A million-dollar life insurance policy might sound like much more coverage than you need, but they're actually a smart idea for many families. Currently, most Americans have less coverage than they need.
You can check out some average prices for a million-dollar policy in the chart below. The prices shown are for a male age 45 in good, but not perfect health.
|Mutual of Omaha||$1,000,000||$120.62|
According to the Insurance Information Institution, about only 60 percent of Americans had any kind of life insurance policies in 2018. Many of those policies were group insurance policies through an employer, which often don't have a benefit amount that is nearly enough to cover their family's needs. Plus, policies through employers can be lost if you leave your job for any reason.
So how much life insurance should you have? The formula for calculating how much life insurance you need is generally to assume you'll need about 10 times your current yearly income. However, there are several factors that can raise this amount. Expenses like mortgage payments, college tuition for your children, or debts can easily add up to the need for a million-dollar policy.
For example, let's say you make $65,000 a year. Using the standard rule, you could estimate that you'd need a $650,000 life insurance policy. However, let's say you still owe $100,000 on the mortgage for your home and have two children. The current average cost of four years of college is $122,000, so you'd want to want to set aside $122,000 for each of them. That's an additional $350,000 before accounting for other debts, medical bills, or funeral expenses. In this case, a million-dollar policy would be a good choice for your family.
The Insurance Information Institution reports that many people greatly overestimate the cost of life insurance. In fact, 44 percent of millennial survey respondents overestimated the cost of life insurance by 5 times the actual amount. Your cost will depend on several factors, like your term length, age, and overall health.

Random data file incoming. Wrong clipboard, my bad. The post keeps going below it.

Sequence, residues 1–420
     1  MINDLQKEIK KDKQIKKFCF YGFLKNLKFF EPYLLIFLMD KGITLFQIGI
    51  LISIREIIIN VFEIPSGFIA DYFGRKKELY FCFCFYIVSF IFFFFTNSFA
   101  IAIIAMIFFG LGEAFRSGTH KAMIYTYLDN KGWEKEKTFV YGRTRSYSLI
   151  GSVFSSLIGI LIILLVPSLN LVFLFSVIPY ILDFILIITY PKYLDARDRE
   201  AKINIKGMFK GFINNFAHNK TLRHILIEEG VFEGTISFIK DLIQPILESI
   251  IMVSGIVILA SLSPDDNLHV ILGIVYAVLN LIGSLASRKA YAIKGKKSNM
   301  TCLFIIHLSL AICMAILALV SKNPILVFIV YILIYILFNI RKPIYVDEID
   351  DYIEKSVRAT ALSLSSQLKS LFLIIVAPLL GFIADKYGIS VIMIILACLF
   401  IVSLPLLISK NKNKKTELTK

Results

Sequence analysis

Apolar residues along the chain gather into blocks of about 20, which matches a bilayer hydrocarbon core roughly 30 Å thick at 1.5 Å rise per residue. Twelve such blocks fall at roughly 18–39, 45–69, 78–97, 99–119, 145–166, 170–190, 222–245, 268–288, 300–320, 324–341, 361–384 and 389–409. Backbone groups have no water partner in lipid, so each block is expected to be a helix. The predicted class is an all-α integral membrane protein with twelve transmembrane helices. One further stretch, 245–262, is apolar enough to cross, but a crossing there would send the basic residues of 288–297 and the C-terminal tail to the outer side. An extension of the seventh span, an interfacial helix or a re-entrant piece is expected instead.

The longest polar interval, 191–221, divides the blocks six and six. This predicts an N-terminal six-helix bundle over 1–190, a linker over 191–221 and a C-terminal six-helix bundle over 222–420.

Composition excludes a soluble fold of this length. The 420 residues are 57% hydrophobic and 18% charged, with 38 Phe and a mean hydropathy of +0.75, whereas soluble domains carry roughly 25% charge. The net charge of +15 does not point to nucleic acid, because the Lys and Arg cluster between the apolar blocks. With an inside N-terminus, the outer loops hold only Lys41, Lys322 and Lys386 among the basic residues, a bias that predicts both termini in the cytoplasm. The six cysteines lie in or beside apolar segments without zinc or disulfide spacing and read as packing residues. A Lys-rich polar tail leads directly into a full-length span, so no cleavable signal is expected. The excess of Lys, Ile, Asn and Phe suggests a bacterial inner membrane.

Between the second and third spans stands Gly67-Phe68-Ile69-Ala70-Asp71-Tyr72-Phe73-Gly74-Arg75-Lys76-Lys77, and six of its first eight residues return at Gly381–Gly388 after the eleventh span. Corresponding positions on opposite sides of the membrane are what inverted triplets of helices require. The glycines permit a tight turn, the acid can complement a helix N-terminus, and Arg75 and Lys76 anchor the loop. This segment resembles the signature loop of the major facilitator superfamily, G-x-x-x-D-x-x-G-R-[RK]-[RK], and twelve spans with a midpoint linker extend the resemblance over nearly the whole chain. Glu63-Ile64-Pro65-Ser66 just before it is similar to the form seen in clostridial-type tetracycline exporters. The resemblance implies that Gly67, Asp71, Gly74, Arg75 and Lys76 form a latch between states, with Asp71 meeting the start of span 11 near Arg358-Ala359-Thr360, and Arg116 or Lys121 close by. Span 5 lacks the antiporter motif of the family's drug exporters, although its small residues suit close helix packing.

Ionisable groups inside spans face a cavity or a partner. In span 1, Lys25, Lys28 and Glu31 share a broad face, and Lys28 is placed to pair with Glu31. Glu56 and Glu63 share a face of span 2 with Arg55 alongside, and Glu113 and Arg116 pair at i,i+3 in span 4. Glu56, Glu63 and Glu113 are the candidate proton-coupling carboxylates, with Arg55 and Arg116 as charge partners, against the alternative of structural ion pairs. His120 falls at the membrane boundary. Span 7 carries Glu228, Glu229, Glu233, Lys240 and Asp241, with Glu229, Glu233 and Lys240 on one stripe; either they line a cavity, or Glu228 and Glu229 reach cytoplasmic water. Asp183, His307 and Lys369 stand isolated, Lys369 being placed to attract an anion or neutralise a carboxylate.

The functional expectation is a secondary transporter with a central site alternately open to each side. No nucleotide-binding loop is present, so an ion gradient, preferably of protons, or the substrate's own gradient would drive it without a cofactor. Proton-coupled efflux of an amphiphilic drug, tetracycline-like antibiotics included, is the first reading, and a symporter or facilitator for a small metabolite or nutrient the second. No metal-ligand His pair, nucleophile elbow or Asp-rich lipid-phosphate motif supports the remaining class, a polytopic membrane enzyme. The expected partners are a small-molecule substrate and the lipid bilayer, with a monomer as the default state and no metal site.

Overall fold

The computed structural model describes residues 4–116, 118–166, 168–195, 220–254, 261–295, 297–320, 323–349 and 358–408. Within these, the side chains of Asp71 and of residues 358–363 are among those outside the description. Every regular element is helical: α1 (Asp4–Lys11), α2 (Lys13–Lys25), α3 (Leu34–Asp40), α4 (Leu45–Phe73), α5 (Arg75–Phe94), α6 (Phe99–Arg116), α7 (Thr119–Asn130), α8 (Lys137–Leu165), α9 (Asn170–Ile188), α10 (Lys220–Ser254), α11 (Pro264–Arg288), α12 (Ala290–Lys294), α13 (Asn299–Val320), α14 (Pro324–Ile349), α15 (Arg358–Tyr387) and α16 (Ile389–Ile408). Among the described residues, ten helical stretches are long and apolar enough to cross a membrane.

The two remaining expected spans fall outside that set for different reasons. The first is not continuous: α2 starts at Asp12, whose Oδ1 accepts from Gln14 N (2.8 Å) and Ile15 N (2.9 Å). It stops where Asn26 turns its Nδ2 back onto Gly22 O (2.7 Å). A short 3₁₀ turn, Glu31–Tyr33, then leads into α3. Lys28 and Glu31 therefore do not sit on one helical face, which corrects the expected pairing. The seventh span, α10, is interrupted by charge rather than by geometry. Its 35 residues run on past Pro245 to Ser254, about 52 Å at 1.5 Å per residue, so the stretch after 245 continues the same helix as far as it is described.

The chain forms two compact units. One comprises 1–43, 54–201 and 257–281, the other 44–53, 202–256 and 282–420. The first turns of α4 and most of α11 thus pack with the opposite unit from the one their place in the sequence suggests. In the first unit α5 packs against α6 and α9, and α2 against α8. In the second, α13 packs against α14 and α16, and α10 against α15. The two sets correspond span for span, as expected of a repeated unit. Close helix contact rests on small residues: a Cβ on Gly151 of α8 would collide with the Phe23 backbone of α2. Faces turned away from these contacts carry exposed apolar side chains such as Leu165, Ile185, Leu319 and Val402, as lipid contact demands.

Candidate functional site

There are several factors that could affect your cost if you decide that a million-dollar policy is right for your family. The first is the term length. Generally, you'll pay higher premiums the higher your term length is. Additionally, you might not be able to get a 30-year term for a high amount if you're an older applicant. For example, it can be much easier for a 30-year-old application to secure a million-dollar policy with a 30-year term than for a 55-year-old to secure the same policy.
The insurance company will assign you to a rate class based on these factors. While the names of rate classes might vary by the insurance company, the structure is the same. Life insurance rate classes include:
The right term length for you depends on a few factors. You should consider your personal circumstances, including:
The right term for you should cover all these events while still fitting within your budget. Policies with longer-term lengths will cost more but will provide coverage for longer. So, while you shouldn't purchase more coverage than you can afford, it's also not a good idea to purchase coverage for less time than you'll need it.
It's a good idea to have a plan before you begin to apply for insurance. You should know what term length you need, how large you want your policy to be, and what premium you can afford before you begin shopping. This can help you know exactly what you're looking for and separate a good deal from a cheap price.